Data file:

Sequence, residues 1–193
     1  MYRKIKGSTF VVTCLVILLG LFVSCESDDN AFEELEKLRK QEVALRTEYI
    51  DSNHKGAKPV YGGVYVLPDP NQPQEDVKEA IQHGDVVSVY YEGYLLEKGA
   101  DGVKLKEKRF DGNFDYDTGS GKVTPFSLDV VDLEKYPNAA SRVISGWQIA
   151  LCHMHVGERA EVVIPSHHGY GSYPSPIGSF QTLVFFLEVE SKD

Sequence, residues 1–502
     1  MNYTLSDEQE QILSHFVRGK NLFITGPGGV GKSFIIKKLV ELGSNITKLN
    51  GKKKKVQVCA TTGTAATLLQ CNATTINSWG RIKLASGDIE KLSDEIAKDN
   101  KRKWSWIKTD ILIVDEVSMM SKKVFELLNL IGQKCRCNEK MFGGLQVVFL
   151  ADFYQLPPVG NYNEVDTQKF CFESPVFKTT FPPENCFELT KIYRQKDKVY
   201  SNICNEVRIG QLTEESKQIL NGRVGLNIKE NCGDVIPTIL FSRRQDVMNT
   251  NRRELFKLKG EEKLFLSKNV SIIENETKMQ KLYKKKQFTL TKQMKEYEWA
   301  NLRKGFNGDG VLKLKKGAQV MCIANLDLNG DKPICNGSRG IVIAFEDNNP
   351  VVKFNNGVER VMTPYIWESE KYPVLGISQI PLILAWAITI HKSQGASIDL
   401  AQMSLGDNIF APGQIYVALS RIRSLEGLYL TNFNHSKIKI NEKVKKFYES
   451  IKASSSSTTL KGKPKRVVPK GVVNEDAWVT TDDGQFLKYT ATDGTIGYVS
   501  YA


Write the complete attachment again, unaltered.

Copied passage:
Sequence, residues 1–193
     1  MYRKIKGSTF VVTCLVILLG LFVSCESDDN AFEELEKLRK QEVALRTEYI
    51  DSNHKGAKPV YGGVYVLPDP NQPQEDVKEA IQHGDVVSVY YEGYLLEKGA
   101  DGVKLKEKRF DGNFDYDTGS GKVTPFSLDV VDLEKYPNAA SRVISGWQIA
   151  LCHMHVGERA EVVIPSHHGY GSYPSPIGSF QTLVFFLEVE SKD

Sequence, residues 1–502
     1  MNYTLSDEQE QILSHFVRGK NLFITGPGGV GKSFIIKKLV ELGSNITKLN
    51  GKKKKVQVCA TTGTAATLLQ CNATTINSWG RIKLASGDIE KLSDEIAKDN
   101  KRKWSWIKTD ILIVDEVSMM SKKVFELLNL IGQKCRCNEK MFGGLQVVFL
   151  ADFYQLPPVG NYNEVDTQKF CFESPVFKTT FPPENCFELT KIYRQKDKVY
   201  SNICNEVRIG QLTEESKQIL NGRVGLNIKE NCGDVIPTIL FSRRQDVMNT
   251  NRRELFKLKG EEKLFLSKNV SIIENETKMQ KLYKKKQFTL TKQMKEYEWA
   301  NLRKGFNGDG VLKLKKGAQV MCIANLDLNG DKPICNGSRG IVIAFEDNNP
   351  VVKFNNGVER VMTPYIWESE KYPVLGISQI PLILAWAITI HKSQGASIDL
   401  AQMSLGDNIF APGQIYVALS RIRSLEGLYL TNFNHSKIKI NEKVKKFYES
   451  IKASSSSTTL KGKPKRVVPK GVVNEDAWVT TDDGQFLKYT ATDGTIGYVS
   501  YA